photosite_color is not meant to be used for image processing. It takes the raw photosite data and presents it as red, blue or green pixels. This is meant for debugging purposes in order to see the raw data and can assist with analysis of errors produced by the other demosaic algorithms.
🔗dual demosaic algorithms
Some images have areas that would be best demosaiced with an algorithm that preserves high frequency information (like AMaZE or RCD) and other areas that might profit from an algorithm more suited to low frequency content (like VNG4).
In dual demosaic algorithms (e.g. RCD + VNG4) the sensor data is demosaiced twice, first by RCD, AMaZE or Markesteijn 3-pass and then by VNG4. Both sets of demosaiced data are retained for subsequent processing.
The data from the high frequency algorithm is then analysed for local data change and, by using a threshold (there is a bit more of maths involved here), the ouput image is written pixel-by-pixel for each color channel using data from each demosaic algorithm weighed by the local data change.
In general, areas with greater detail are demosaiced by the algorithm best suited to that purpose (RCD, AMaZe, Markesteijn 3-pass) and any flat areas (like the blue sky) are demosaiced using the second algorithm (VNG4).
The ‘local data change’ is technically implemented as a gaussian-blurred single channel selection mask calculated from a combination of the threshold value and the pixels' luminance.
🔗selecting the threshold
An automatically-calculated threshold is difficult to implement in darktable. Instead, there is a button activating the display of the selection mask so you control the selection of the algorithm manually. The brighter the pixel in the displayed mask, the more the output is taken from the high-frequency algorithm.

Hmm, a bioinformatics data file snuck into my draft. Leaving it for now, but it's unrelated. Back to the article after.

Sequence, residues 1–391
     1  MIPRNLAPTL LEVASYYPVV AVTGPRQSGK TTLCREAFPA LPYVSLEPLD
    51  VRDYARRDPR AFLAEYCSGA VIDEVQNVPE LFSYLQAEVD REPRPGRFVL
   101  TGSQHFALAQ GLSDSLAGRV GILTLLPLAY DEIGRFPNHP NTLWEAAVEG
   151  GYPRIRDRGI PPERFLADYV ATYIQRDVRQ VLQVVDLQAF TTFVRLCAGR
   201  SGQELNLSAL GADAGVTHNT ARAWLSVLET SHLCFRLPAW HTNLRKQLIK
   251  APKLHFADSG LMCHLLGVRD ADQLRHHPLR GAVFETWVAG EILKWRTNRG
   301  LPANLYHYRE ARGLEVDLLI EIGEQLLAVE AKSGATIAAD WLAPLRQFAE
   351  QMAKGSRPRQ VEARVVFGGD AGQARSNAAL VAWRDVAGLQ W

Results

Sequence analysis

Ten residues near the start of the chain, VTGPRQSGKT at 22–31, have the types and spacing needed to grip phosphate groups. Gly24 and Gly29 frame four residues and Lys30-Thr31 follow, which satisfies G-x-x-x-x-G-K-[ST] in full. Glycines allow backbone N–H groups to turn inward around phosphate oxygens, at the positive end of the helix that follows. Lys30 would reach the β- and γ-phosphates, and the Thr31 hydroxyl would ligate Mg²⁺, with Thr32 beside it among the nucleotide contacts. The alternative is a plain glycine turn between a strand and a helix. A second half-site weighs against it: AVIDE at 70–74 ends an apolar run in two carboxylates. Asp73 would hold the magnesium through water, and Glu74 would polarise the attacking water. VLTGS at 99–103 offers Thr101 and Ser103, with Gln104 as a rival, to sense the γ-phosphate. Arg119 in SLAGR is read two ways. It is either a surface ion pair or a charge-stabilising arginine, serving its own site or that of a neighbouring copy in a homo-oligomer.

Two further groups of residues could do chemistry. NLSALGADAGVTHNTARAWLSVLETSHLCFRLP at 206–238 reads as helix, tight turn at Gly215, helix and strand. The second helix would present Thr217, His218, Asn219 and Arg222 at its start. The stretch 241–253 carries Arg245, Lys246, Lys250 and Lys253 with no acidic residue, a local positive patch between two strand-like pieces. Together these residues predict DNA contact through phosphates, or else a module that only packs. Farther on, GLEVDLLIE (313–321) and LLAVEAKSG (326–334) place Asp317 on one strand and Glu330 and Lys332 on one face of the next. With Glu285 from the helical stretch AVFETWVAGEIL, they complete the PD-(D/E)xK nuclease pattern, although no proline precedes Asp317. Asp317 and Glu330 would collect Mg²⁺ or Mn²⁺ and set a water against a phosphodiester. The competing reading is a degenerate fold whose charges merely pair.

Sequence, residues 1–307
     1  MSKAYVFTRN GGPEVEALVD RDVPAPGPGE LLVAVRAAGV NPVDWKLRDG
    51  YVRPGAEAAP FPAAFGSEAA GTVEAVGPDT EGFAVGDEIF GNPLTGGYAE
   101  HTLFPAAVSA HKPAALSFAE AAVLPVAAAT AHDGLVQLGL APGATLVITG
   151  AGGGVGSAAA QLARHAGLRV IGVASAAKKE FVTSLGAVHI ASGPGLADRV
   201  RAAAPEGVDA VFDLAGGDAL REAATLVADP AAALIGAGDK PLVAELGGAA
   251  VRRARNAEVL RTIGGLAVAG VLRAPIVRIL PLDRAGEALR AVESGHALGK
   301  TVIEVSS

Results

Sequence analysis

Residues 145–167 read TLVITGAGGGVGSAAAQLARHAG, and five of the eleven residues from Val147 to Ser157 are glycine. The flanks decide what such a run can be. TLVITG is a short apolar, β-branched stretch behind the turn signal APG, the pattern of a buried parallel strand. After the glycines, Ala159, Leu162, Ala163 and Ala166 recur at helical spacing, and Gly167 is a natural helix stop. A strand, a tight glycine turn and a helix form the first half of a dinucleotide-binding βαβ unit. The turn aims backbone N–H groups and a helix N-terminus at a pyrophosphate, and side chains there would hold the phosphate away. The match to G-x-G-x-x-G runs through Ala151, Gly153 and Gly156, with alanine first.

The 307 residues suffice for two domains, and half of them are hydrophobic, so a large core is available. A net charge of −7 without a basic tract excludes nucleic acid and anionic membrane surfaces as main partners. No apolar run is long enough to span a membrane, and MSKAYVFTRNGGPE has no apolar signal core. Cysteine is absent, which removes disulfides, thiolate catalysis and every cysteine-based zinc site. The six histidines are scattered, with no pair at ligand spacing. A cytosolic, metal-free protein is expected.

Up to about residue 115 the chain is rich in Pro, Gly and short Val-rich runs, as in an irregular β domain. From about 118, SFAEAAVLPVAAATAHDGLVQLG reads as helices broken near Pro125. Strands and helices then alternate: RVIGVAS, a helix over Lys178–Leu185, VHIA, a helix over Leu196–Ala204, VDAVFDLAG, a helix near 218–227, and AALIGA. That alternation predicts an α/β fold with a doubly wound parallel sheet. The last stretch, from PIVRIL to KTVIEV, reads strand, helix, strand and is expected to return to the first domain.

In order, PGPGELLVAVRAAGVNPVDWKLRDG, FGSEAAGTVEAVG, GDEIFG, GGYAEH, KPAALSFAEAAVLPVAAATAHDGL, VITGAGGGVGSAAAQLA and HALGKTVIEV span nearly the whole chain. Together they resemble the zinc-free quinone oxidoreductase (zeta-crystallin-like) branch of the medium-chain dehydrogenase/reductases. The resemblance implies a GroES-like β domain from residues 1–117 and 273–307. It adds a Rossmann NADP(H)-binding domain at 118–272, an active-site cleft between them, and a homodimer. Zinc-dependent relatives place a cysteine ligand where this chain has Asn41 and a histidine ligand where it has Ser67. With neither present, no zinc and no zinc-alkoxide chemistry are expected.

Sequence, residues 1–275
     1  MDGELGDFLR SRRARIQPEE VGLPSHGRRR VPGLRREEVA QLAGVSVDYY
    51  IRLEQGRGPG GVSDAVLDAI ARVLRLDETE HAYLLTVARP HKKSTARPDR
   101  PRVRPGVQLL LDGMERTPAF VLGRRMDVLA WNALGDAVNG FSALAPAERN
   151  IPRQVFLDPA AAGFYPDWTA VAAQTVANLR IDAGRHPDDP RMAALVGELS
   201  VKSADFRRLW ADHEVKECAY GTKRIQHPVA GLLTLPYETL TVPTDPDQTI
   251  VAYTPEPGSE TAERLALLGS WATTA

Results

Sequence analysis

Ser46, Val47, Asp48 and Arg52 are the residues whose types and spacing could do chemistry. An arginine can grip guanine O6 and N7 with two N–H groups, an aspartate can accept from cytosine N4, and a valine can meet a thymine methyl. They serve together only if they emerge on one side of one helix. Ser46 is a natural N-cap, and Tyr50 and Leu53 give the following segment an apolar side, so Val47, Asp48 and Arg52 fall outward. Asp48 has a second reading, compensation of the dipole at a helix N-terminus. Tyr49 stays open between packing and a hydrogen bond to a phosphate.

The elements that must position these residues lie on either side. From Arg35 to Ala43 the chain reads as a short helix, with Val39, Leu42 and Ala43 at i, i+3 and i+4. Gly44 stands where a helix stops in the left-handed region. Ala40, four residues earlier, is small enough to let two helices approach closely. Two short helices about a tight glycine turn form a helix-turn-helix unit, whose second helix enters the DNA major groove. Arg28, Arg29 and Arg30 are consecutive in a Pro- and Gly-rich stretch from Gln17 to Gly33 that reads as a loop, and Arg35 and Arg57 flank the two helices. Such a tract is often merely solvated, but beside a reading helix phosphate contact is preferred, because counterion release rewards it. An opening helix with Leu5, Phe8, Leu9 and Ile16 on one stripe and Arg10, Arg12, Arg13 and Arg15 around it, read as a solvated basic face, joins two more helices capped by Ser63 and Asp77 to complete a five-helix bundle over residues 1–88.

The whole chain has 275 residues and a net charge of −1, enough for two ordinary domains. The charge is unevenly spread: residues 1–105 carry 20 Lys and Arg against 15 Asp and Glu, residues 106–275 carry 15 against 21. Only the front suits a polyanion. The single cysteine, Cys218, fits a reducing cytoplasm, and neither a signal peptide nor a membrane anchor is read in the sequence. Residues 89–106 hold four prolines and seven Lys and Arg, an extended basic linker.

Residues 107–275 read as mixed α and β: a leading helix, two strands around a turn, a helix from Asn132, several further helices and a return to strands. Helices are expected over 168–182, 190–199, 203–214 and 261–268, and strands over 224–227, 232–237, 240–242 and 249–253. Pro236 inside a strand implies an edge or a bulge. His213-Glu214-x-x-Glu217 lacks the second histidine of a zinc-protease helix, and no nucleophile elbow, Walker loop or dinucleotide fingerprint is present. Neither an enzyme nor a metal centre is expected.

- The demosaic algorithm to use (see above).
- edge threshold (PPG only)
- The threshold for an additional median pass. Defaults to “0” which disables median filtering.
- color smoothing
- Activate a number of additional color smoothing passes. Defaults to “off”.
- match greens
- In some cameras the green filters have slightly varying properties. This parameter adds an additional equalization step to suppress artifacts. Available options are “disabled”, “local average”, “full average” and “full and local average”. This option is not shown for X-Trans sensors.
- switch dual threshold (dual demosaic modes only)
- Set the contrast threshold for dual demosaic modes. Lower values favor the high frequency demosaic algorithm and higher values favor the low frequency algorithm.
- display blending mask (dual demosaic modes only)
- Show the blending mask that is used to differentiate between high and low frequency content (adjusted by the “switch dual threshold” parameter). For each pixel, the brighter the mask, the more output is taken from the high frequency demosaic algorithm.